Costa Rica may have its rainforests and eco-lodges, but this Central American country is not to be overlooked. Especially the thriving city of Granada, where sometime-local Eleni Gage uncovers design-forward hotels, gorgeous colonial architecture and authentic eats.
I rekindled an old romance recently. For one weekend, life was as passionate and beautiful as I’d remembered.
I tend to fall hard and fast for places I visit, imagining what life would be like if I were a resident, not a tourist. With Granada, Nicaragua, I got to find out. I lived in the Spanish colonial city for seven months in 2013, with my husband, a Nicaraguan coffee trader, and our then-year-old daughter. There were parrots and turtles in the yard, and parades regularly (Christmas? Lent? The Poetry festival? You name it, these people celebrate it with fireworks and dancing in the street). Plus, dinner for two, with wine, never cost more than $30. Living in Granada was a dream. A delight. And every other delicious D word you know.
Which is why the idea of returning filled me with dread. When you’ve loved a place, and left it, coming back is a mixed blessing. What if it has all changed? What if they paved paradise and put up a parking lot? But when we visited a few months ago, Granada remained as irresistible as ever. Built on the banks of Lake Cocibolca, around the Parque Central, it’s eminently walkable, with winding cobblestone roads that connect church to church.
The hotels just keep getting better. And the Granadinos are still partying. Here are our greatest hits of Granada, to help you plan your visit—and, maybe, inspire you to fall in love.
What to Do
This nearby volcano is home to wild orchids, lava sinkholes, and the coffee plantation of Café las Flores brand. Now Las Flores has opened a café on the Parque Central, where you can book multiple eco adventures on Mombacho, from hiking to ziplining.
Along the coast of massive Lake Cocibolca you’ll find restaurants where you can eat fresh guapote (arguably the ugliest fish in the world), and motorboats offering tours of some of its 365 islets, which house tiny villages, summer homes of Managua’s glitterati, and wild monkeys. Or, you can sit at Henry’s Iguana Bar and Restaurant, have a drink, and watch as the boats come and go, the sun sets, and the sky turns pink.
No trip to Granada would be complete without a stop to visit the mascot at Pure Spa and Yoga, a huge turtle that thrills visitors. Equally thrilling? The $8 pedicures, $15 private personal training sessions, and a $26 hour-long massage that my sybaritic father insists is the best he’s ever had.
In Granada, horse and carriage rides are a bona fide mode of transportation, as affordable as taxis and often easier to flag down. Set a price and route before you leave.
Marenco Children’s Clothes
In the US, hand-smocked dresses and “John-John” rompers tend to cost more than they should. But Granada abounds with stores in which nice older ladies sell handmade kid’s clothes worthy of the Easter parade for about $20 each. My favorite, run by the Marenco sisters, is on Calle Xalteva about a block away from the Parque.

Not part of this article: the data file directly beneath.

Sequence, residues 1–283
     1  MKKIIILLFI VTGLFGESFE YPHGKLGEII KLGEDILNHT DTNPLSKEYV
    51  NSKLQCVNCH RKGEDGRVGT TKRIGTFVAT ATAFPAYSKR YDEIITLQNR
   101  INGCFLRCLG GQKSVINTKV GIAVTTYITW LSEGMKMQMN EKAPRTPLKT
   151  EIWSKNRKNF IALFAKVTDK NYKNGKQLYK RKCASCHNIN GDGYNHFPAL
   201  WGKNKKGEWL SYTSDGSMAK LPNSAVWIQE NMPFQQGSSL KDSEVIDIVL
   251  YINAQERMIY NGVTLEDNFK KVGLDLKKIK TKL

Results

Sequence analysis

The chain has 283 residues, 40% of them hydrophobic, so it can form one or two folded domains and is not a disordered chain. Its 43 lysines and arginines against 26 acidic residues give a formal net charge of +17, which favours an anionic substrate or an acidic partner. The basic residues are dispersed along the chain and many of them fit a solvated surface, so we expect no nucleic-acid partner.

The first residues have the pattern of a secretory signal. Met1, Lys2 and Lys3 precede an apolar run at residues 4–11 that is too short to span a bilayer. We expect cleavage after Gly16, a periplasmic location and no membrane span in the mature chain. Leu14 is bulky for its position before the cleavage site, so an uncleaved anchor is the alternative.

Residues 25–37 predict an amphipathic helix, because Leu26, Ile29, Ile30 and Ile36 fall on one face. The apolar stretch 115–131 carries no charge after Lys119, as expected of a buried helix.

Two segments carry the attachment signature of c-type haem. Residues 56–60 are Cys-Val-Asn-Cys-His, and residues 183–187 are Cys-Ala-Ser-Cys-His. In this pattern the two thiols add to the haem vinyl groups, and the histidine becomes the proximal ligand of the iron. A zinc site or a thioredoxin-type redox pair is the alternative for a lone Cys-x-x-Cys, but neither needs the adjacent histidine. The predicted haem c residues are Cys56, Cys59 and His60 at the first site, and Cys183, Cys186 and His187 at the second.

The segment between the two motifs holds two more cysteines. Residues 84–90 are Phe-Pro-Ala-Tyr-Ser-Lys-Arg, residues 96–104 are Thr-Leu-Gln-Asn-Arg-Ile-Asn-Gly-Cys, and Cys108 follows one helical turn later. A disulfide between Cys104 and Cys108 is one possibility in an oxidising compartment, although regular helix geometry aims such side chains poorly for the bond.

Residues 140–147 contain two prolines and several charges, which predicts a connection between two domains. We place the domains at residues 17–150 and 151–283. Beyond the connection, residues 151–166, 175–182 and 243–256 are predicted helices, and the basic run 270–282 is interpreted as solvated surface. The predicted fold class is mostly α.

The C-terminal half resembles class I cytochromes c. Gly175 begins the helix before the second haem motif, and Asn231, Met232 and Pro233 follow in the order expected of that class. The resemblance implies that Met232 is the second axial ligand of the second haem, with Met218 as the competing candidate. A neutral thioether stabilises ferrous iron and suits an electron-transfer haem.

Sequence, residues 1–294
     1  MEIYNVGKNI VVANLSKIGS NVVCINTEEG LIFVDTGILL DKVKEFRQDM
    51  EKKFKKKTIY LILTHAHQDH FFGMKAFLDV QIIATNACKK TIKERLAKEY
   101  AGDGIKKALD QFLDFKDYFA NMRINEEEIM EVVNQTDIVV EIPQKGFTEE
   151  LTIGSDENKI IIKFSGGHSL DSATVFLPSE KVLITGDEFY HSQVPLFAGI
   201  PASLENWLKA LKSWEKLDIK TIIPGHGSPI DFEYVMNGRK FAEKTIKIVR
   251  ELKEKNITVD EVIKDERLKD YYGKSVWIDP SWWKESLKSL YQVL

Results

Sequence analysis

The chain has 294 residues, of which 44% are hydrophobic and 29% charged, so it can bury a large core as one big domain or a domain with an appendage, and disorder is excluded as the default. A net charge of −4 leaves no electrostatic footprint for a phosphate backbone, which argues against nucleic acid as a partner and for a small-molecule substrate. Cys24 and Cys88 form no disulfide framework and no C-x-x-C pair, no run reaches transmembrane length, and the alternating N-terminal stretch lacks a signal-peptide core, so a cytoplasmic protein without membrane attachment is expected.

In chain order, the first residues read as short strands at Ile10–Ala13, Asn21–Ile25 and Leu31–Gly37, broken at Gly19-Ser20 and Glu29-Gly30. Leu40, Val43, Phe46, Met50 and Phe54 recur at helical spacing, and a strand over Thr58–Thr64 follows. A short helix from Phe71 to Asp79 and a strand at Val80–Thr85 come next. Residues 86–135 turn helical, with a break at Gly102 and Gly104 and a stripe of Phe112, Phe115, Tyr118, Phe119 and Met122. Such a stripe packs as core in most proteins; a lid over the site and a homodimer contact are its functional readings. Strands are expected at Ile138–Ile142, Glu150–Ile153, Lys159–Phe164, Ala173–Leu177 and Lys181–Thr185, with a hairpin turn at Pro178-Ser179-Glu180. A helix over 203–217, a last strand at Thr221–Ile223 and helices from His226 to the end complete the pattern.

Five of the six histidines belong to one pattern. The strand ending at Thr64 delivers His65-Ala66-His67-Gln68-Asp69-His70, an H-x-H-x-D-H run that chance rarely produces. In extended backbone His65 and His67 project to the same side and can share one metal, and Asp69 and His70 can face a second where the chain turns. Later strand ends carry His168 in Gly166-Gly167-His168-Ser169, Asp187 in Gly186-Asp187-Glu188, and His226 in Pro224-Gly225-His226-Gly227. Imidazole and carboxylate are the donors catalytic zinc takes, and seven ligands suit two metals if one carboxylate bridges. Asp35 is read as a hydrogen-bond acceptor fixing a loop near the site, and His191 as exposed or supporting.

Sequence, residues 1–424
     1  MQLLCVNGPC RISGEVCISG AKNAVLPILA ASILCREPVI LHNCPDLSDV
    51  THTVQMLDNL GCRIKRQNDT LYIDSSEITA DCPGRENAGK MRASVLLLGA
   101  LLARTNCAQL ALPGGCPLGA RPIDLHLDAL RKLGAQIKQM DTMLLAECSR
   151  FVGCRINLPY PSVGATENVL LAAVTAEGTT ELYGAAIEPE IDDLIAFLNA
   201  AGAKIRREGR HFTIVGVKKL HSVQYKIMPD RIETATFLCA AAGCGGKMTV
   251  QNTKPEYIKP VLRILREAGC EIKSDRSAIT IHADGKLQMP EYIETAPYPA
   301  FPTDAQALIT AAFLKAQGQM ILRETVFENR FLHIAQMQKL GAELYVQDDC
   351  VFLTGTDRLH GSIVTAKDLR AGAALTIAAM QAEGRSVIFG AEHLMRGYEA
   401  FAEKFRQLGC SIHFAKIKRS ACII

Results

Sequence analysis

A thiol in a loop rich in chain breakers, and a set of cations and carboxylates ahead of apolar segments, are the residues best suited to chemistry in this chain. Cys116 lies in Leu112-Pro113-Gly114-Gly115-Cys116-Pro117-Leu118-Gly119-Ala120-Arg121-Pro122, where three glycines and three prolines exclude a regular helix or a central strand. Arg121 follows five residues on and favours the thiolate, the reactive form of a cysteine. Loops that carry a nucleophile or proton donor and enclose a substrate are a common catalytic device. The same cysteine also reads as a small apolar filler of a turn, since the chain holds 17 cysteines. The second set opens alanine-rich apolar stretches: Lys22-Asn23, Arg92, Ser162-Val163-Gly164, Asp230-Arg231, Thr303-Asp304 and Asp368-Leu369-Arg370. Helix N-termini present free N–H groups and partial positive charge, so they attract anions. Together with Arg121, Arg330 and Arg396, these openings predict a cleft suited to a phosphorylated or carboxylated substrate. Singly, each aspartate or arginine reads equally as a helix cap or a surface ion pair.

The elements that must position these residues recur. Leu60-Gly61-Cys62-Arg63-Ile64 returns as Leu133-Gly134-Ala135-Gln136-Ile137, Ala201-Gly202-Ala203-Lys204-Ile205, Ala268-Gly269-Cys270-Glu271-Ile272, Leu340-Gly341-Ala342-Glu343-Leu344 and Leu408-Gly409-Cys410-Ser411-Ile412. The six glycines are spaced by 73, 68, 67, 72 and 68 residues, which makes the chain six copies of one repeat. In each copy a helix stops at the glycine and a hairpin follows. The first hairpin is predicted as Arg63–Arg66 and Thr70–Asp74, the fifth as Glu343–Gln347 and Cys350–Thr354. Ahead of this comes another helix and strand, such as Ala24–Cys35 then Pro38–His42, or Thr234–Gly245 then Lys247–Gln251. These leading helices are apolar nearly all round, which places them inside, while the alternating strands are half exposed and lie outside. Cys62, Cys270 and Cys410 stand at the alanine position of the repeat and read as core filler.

Where to Eat
At this airy, chic café in a meticulously renovated mansion, co-owners Andres and Zoltan turn out perfect plates of internationally inspired food made from local hams, produce and cheeses – along with unforgettable desserts and the cream of Nicaragua’s (stellar) coffee crop.
Each corner of the Parque Central houses a kiosk that serves the local specialty, vigoron, fried pork rinds served on mashed yucca with some cabbage slaw. We like El Gordito, which has toadstool-shaped chairs, a great location opposite the papaya-colored Catedral, and fajitas for anyone who doesn’t love a pork rind.
Run by deaf-mutes, this café and hammock workshop has the friendliest staff, the freshest pressed juices, and handmade hammocks that are works of art – plus testers you can swing on as long as you like.
We came to this restaurant in an interior courtyard for the “kid’s pizza,” a thin-crust margarita shaped like a fish – with a black olive as the eye. This year, we were devastated to see it had morphed into Pita Pita. False alarm! It was our beloved Pizzaiol, only with an expanded Mediterranean menu. Now it’s two restaurants in one. And they still make the fish pizza upon request.
Where to Stay
Just steps from Church of Xalteva and Granada Cathedral, Hotel Xalteva is a classic colonial mansion with 8 intimate rooms done up in antiques, each with a private balcony overlooking the city. Pamper yourself with an onsite massage or go for a dip in the hotel pool.
This romantic eco-hideaway sits smack in the middle of island-dotted Lake Nicaragua and is just a short boat ride from Granada. Tropical trees surround the nine two-story wooden casitas, which are elegantly but simply dressed and have enormous windows looking out over the water.
One of the more design forward stays in the city, Tribal hotel has a cool tropical vibe: colorful tiles and fabrics, handcrafted wood furnishings, chic outdoor cabanas. At night its private terraces turn into candle-lit lounges – the perfect setting for pre-dinner cocktails.
It’s one of the most elegant inns in town, but this antique-filled beauty also features a second-story bar, La Bodeguita de Arriba on a rickety balcony that’s straight out of a Western, where you can sip your drink while people-watching on the streets below.
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This article was originally published by Jetsetter under the headline Nicaragua’s Hidden Gem. It is reprinted here with permission.
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